Trump-loving Ohio autoworkers feel betrayed after GM plant closes: ‘We’ve seen nothing but job losses’
U.S. President-elect Donald Trump speaks at a USA Thank You Tour event at U.S. Bank Arena in Cincinnati, Ohio, U.S., December 1, 2016. REUTERS/Mike Segar

Autoworkers who voted for President Donald Trump are feeling betrayed after General Motors announced it would close five factories -- including one in an Ohio county that backed the president.


GM announced Monday it would close the factories and lay off nearly 15,000 workers, including many in Lordstown, where Trump won by six points in 2016, reported the Washington Post.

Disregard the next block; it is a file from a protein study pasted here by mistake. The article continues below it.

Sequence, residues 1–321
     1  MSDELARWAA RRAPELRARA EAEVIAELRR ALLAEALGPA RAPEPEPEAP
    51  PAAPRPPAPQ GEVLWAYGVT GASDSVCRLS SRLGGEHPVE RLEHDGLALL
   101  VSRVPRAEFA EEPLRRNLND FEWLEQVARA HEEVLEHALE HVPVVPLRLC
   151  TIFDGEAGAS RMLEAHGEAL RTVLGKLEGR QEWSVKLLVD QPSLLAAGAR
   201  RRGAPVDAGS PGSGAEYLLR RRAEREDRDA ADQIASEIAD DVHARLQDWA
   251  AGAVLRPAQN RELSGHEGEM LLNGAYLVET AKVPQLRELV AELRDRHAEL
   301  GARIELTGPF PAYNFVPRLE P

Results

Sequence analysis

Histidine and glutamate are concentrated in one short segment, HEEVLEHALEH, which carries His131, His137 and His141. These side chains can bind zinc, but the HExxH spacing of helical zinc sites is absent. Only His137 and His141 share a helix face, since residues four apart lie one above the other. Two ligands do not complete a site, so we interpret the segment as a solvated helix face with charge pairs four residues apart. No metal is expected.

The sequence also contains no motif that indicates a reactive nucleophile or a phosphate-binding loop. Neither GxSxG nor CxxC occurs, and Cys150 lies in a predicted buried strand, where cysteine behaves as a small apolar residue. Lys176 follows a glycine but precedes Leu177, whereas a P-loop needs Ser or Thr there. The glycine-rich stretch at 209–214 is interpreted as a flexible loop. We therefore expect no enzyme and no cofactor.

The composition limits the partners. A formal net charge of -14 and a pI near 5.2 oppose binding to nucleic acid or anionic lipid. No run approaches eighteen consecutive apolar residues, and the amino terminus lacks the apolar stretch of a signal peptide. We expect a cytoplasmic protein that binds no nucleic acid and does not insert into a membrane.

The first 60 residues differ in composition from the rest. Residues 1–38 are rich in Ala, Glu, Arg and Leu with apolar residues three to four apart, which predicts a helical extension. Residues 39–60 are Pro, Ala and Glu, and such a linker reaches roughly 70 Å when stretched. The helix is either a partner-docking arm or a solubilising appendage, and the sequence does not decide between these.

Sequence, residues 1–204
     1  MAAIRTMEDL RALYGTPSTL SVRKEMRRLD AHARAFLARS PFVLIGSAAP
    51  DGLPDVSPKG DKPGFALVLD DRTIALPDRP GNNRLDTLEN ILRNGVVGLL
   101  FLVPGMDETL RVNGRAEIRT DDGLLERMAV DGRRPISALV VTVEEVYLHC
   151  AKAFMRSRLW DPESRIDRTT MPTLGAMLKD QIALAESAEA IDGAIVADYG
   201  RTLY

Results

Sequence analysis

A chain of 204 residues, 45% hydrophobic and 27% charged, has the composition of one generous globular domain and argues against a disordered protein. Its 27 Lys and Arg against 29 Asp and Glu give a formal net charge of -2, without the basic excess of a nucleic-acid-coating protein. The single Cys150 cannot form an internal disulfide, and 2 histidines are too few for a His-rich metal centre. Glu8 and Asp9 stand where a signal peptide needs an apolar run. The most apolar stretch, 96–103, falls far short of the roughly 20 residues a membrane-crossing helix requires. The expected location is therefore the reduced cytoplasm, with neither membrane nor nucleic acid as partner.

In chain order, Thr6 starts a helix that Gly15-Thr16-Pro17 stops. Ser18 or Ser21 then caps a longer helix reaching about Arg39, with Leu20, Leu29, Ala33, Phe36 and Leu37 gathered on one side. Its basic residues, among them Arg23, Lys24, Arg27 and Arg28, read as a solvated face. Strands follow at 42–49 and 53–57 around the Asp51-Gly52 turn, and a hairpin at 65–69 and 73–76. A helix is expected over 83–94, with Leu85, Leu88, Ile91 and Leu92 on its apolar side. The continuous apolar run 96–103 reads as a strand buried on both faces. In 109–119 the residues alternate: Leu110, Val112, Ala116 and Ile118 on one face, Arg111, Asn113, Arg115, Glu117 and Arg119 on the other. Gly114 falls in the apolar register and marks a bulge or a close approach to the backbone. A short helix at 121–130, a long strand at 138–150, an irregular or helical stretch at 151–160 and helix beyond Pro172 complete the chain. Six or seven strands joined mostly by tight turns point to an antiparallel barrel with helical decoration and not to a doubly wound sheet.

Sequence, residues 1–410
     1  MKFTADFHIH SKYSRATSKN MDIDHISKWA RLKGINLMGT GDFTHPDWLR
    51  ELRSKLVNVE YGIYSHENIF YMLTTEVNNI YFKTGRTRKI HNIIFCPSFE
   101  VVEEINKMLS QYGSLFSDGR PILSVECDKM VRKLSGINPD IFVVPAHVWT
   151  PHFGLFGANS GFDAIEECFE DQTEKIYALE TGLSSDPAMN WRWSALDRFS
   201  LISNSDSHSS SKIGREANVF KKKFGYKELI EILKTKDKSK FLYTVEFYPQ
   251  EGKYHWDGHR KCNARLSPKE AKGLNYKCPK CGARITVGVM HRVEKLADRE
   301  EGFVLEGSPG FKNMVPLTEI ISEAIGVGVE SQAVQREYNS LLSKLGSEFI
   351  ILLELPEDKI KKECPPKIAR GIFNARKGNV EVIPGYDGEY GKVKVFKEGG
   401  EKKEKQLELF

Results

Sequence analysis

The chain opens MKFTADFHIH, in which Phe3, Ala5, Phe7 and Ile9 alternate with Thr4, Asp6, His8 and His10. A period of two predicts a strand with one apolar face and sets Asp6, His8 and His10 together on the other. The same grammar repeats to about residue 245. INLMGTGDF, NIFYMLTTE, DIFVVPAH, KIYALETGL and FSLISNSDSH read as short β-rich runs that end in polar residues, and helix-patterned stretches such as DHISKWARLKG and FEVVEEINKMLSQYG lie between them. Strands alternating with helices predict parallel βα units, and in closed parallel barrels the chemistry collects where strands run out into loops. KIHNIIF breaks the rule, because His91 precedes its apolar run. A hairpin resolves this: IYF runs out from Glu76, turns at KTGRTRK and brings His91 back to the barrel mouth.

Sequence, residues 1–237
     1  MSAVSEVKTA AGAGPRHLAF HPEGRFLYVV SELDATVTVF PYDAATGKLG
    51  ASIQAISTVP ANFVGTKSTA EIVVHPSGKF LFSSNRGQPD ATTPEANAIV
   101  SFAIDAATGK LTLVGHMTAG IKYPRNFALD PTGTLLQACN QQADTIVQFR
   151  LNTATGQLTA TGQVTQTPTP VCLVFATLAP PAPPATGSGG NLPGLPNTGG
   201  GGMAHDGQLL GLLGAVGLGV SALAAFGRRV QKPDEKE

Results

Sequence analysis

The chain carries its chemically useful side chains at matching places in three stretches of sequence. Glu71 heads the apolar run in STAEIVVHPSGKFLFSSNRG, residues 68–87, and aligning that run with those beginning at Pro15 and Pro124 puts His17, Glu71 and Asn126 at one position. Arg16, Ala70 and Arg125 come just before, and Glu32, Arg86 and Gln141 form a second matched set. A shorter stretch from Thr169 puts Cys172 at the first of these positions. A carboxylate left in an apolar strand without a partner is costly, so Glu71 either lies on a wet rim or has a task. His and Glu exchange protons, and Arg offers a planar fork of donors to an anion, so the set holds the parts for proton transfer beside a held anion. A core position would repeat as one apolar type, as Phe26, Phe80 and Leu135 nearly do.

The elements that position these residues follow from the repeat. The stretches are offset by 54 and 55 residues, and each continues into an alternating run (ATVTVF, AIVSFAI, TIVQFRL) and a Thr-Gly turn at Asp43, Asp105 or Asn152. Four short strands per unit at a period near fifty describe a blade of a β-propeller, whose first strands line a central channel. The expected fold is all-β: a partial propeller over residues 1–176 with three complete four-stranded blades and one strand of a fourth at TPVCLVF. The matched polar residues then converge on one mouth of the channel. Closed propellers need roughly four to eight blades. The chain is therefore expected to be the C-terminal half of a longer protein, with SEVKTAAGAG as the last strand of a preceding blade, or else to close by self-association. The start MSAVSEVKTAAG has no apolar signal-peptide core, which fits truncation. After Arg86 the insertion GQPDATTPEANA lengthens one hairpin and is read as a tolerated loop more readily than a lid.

Trumbull County had backed Barack Obama by 23 points in 2012, but voters were won over by Trump's message on jobs.

“He came to our community and said: ‘Don’t sell your house. These jobs are coming back,’” said David Green, president of United Auto Workers Local 1112.

About 40 percent of the local union voted for Trump, but Green said they had little to show for it.

“We’ve seen nothing but job losses around here,” Green said.

Capri Cafaro, a former Democratic leader of the Ohio Senate who lives in Trumbull County, said the closure was disappointing but hardly surprising.

“It doesn’t necessarily come as a surprise, given the trend line that has been happening,” Cafaro said. “We lost 1,500 jobs in the last year.”

Green said the announcement felt like a gut punch.

“It’s like someone knocks the wind out of you,” he said. “You lose your breath for a minute.”